Maasai Architecture: Building Our Homes

Understanding the layered architecture of the Maasai Community in Arusha, Tanzania

An aerial view of Maasai settlements (2020) by Sabit TisekarProject FUEL

Through the Maasai built landscapes

Traditionally, the Maasai and their cattle have a long standing relationship with the valley of southern Kenya and northern Tanzania. A group of migratory pastoralists whose life, economy and identity revolve around their herd. Young Maasai boys are trained to be valiant warriors, capable of warding off predators and others threatening their livestock. Cattle, as an asset, is considered a medium of exchange, a means of governing the planning of the households, livelihood, cultural and social activities for the Maasai. Wealth is accounted through the quantification of cattle and children within the Maasai ecosystem.

Cattle as Maasai currency (2020) by Windows to VernacularProject FUEL

Maasai lands are a shared pasture and home for the wildlife that coexist in an altered ecosystem. In recent times parts of the land is dedicated to cultivation, reducing the transhumance roots.

A community held together by a value system rooted deep in culture and traditions. The traditions are reflected in the location, character and resources for construction. The Maasai move around, shadowing their herds and living in semi-permanent houses and enclosures.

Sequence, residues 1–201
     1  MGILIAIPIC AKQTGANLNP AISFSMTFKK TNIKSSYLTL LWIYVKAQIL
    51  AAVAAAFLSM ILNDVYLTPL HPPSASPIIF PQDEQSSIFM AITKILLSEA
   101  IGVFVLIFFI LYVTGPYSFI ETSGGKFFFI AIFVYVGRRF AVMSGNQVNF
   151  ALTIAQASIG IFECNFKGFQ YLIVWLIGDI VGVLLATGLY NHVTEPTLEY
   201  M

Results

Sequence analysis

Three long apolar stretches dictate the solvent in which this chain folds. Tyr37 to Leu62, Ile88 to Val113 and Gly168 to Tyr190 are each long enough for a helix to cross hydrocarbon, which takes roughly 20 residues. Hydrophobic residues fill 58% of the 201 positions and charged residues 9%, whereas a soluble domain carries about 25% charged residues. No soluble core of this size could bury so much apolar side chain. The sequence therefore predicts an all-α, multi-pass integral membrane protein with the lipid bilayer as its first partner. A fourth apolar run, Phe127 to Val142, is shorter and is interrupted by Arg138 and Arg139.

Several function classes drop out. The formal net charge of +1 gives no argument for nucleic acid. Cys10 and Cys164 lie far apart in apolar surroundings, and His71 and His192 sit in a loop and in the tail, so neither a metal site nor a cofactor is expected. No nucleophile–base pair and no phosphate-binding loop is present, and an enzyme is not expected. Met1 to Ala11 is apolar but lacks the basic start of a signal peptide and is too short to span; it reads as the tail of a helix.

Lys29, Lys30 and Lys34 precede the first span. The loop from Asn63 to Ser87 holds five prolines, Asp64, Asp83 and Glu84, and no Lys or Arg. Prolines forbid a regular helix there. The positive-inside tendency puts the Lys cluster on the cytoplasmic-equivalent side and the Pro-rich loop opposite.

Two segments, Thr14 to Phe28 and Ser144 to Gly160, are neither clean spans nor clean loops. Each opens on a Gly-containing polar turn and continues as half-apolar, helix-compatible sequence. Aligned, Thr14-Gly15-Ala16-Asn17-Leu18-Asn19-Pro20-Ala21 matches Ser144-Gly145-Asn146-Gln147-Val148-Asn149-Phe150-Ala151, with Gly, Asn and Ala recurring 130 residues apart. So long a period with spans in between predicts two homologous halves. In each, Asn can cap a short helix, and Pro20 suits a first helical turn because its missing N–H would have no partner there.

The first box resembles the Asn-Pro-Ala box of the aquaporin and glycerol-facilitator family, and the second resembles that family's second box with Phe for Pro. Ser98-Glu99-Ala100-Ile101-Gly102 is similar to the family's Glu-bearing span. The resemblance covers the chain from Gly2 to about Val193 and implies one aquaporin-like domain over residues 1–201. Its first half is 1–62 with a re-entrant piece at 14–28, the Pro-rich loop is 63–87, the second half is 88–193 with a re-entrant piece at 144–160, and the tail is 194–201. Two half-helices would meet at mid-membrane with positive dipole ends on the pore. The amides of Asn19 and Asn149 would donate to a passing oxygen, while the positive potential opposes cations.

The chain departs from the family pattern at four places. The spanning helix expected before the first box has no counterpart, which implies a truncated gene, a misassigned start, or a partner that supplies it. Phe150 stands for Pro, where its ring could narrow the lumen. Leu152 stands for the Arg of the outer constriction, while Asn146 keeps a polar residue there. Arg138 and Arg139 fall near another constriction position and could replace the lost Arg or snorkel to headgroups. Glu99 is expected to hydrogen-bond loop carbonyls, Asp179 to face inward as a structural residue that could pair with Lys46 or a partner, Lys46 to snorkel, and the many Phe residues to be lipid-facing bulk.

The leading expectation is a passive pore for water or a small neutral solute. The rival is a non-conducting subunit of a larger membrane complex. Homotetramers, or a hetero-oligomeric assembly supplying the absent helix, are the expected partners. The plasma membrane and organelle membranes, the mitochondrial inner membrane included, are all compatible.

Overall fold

A Maasai woman near her dwelling (2020) by Windows to VernacularProject FUEL

Traditionally, a strict order is maintained with respect to the division of labour, duties and power within the Maasai society, where one’s gender defines their roles, organisation of spaces and authority. Women are responsible for the construction, repairing and maintenance of the houses along with other household chores like cooking, cleaning, fetching water and firewood, milking the cattle and looking after the children. Whereas the Maasai men are responsible for taking care of the herd, maintaining and building cattle pens and other decision making.